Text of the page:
Wednesday, 7 October 2009

Construction Contracts and Counting angels on Pinheads

Payment Schedules Again

It appears that knowledge of the requirements of the Construction Contracts Act is still not widely known, despite six years passing from the date it came into force. In addition, cases are being litigated in the District Court and High Court which could have been disposed of by a construction adjudicator much more rapidly and efficiently.

The recent Christchurch decision Foggo And Ors v R J Merrifield Limited 21 September 2009, Justice Christine French, HC Christchurch CIV-2009-409-000605, records the setting aside of a summary judgment obtained in the District Court, on the basis that the section 20 schedule was clearly inadequate, despite the more liberal approach encouraged by George Developments Limited v Canam Constructions Limited [2006] 1 NZLR 177. The history of the case was that the builder sent the owner a number of payment claims, with the usual time to respond. No schedule in the form in the Act was sent in reply, although a dispute was raised and a payment made on account. There were three principal errors in the payment claims provided by the builder to the owners. The first, which was an error in the heading, was that “payment of schedule” instead of “payment schedule” was used. This was considered not to be anything more than a typographical error. However the other two errors, proved fatal to the District Court judgment. The word "not" was erroneously included in the first line in two parts. These are worth quoting, and are as follows, emphasised:-

" If you do not respond to the payment claim by providing a payment schedule, but indicate in the…"

and the second:-

“If you do not respond to the payment claim by providing a payment schedule but do not pay the…”

The effect of this error was of course to make the payment claims confusing. While there was no evidence that the owner was confused, the court held that this was not important because of the effect of Welsh & Anor v Gunac South Auckland Ltd HC Auckland CIV-2006-404-007877, 11 February 2008, Allan J. In that case it was held that because the requirements of section 20 are mandatory, it is not necessary to then explore whether the errors did cause confusion. The errors alone were sufficient to make the payment claim bad. Justice Allan did consider in that case that some errors might not be fatal where the principal had not been misled or not in any doubt as to what was intended, giving as an example a failure to include the necessary statutory reference from the Act. This is in reality a restrictive view of the act, and with respect to the learned judge, not the sort of approach intended by the Court of Appeal in George Developments Limited v Canam Constructions Limited.

Although the building contract was for a residential dwelling house, it was clearly substantial because the total contract price appears to have exceeded $600,000. The payment claims referred to were numbers 12 to 15 and in common with most building disputes it was the payment for the end of the job which was left unpaid.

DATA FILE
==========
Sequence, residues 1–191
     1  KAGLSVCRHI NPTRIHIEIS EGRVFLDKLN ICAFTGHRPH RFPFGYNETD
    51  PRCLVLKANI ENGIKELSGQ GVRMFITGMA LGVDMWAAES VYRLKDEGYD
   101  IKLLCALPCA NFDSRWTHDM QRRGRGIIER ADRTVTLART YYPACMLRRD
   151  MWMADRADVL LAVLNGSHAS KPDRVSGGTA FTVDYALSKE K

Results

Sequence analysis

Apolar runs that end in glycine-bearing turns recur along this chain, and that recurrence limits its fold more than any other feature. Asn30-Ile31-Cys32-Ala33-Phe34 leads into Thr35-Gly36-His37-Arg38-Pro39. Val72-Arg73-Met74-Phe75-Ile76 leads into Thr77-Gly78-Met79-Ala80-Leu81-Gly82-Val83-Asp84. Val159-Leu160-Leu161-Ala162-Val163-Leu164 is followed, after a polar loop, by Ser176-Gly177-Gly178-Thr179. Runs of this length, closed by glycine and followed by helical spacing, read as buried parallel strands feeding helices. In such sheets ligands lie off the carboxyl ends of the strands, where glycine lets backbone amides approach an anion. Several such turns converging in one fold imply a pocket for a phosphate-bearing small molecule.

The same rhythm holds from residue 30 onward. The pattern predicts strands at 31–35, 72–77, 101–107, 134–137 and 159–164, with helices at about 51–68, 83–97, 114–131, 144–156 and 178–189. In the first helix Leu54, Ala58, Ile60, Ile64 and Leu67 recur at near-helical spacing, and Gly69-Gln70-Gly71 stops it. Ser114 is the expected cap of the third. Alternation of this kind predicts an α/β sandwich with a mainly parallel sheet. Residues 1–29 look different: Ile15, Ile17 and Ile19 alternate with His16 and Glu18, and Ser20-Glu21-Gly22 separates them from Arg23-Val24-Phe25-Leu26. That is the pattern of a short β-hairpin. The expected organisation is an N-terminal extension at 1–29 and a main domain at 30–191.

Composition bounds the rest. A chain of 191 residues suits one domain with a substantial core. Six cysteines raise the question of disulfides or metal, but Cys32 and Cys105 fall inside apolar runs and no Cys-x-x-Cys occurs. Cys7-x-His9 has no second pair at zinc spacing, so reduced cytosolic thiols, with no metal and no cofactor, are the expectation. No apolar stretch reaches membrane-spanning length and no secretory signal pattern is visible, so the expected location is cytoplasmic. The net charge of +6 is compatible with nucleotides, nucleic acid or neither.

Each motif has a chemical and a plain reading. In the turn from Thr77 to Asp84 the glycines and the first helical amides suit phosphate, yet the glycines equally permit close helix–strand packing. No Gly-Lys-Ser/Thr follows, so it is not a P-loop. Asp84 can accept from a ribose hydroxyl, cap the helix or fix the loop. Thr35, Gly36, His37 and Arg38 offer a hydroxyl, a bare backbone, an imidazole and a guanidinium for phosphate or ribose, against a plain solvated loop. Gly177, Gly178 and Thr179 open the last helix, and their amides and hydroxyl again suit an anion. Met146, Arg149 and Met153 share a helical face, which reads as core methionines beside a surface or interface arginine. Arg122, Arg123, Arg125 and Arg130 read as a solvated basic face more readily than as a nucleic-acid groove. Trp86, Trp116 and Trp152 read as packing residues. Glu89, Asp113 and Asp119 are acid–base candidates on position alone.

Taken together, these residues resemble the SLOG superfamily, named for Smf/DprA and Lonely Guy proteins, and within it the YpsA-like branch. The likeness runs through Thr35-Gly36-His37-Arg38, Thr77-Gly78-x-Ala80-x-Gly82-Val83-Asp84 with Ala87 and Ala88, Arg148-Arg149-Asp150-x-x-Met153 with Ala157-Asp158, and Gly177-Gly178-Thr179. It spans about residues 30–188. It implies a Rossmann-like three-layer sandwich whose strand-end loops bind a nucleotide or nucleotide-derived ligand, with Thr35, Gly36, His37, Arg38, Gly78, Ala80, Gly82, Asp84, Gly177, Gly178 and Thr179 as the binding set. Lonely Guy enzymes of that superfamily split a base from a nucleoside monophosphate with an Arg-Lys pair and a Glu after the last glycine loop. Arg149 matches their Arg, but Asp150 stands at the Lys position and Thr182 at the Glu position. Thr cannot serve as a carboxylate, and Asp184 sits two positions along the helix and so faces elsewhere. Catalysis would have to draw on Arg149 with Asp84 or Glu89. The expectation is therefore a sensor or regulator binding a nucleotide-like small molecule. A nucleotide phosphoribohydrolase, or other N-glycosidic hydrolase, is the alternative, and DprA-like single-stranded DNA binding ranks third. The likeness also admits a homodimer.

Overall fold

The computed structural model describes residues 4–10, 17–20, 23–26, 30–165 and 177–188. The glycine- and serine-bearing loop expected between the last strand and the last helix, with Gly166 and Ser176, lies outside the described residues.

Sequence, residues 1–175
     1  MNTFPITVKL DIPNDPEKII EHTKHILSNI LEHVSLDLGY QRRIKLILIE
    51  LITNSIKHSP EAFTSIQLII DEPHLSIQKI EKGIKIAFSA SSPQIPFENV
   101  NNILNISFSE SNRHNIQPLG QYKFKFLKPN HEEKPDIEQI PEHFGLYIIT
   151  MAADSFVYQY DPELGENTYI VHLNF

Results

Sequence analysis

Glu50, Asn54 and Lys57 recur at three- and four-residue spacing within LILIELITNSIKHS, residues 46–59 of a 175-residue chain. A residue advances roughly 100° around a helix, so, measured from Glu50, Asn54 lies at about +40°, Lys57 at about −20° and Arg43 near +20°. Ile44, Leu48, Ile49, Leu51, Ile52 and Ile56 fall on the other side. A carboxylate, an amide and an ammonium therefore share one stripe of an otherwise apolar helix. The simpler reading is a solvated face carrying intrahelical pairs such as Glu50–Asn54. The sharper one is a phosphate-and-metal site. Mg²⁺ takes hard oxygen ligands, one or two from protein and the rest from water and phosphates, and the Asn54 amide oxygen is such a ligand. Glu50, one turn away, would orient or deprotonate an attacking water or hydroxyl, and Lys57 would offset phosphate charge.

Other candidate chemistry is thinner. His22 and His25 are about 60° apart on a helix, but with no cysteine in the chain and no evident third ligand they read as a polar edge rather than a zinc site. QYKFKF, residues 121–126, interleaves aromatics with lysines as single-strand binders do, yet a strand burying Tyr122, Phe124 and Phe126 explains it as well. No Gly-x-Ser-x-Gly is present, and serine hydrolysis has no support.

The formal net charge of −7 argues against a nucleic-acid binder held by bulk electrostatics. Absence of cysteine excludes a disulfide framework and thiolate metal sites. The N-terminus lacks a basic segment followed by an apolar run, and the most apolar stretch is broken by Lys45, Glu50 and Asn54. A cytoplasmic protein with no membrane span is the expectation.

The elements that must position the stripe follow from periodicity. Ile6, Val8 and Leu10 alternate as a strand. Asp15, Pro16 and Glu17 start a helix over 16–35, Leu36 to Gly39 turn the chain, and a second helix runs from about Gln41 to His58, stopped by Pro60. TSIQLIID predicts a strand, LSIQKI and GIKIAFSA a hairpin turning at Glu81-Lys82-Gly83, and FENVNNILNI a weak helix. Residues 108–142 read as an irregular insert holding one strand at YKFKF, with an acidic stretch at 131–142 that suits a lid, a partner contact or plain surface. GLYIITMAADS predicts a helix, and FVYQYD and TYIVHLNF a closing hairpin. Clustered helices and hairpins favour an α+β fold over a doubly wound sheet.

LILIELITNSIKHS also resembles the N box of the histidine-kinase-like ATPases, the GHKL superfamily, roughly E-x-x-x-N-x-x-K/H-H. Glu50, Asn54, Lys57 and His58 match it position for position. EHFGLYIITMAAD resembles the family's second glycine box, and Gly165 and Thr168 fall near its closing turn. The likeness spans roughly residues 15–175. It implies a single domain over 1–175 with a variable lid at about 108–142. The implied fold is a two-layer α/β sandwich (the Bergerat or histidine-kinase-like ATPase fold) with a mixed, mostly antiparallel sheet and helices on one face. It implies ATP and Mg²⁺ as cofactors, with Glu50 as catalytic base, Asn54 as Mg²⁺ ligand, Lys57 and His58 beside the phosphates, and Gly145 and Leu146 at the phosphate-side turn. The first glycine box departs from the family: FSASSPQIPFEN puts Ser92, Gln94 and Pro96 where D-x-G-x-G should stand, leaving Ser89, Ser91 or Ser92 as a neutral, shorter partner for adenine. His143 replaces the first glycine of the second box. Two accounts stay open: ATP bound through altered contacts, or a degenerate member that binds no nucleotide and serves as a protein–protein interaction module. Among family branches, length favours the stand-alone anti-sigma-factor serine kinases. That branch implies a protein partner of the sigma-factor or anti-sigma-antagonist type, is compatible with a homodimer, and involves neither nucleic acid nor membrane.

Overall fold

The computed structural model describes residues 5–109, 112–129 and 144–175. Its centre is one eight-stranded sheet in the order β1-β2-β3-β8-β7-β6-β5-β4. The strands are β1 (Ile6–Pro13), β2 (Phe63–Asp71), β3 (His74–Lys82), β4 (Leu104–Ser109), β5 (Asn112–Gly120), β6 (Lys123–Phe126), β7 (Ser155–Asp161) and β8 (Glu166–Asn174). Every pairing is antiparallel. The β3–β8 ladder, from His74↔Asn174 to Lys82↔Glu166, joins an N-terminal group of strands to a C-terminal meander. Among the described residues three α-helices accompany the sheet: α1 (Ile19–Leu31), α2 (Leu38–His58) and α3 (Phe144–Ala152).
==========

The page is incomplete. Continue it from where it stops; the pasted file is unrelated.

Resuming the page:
The owners did respond to the payment claim number 12 with an e-mail which the parties accept was sent on time if it was a schedule, but the builder challenged the form claiming it did not comply with the Act as a proper payment schedule. No proper response was made to the other three claims, but a payment of $70,000 was made on account, leaving about $100,000 owing. It was argued that the e-mail had to be read in the context of prior discussions, but regrettably there was little evidence as to what had been discussed. Justice French considered that the liberal approach in George Developments Limited v Canam Constructions Limited could only be adopted where there was evidence of prior written communications between the parties, so that the schedule could be read in the context of those discussions. In addition, she referred to the failure to indicate a final amount in the schedule, and following other decisions such as Westnorth Labour Hire Ltd v SB Properties Limited HC Auckland CIV-2006-404-001858, 19 December 2006, Rodney Hansen J, refused to accept the e-mail as an adequate schedule. Because the builder engaged in discussion about the email, the owners sought to raise an estoppel in relation to the subsequent rejection of the e-mail as a sufficient payment schedule, but this was also rejected by the judge.

The case illustrates a tension between the clear intention of the Court of Appeal in the George Developments Ltd v Canam Construction Ltd, that a relatively liberal approach should be taken to the documentation, and the particular approach taken by this judge. I rather doubt that the owners ever read the fine print in the payment claim. It would have been clear, or should have been clear, that they had a certain period of time to respond, and had a proper form to use if they wished to respond with a schedule. The errors in the payment claim did not inhibit them from responding by their email, and really answers the issue of whether they were confused. The addition of the words was clearly the same sort of typographical error as the name on the form. It may be that rejection of the email as the schedule was intended to be a consistent strict approach. With respect, her approach is too particular and narrow. If we are to have a practical construction litigation procedure, this sort of approach is unhelpful. But, anyone building a house of this value should be aware of the time periods in the Act and the required forms.

In the end, the summary judgement was set aside and the matter referred back to the District Court. The payment claims were dated in 2006. If the parties had engaged in a construction adjudication in 2006, they would have had a result in 2006 rather than being in the unsatisfactory position of a partial result in 2009.

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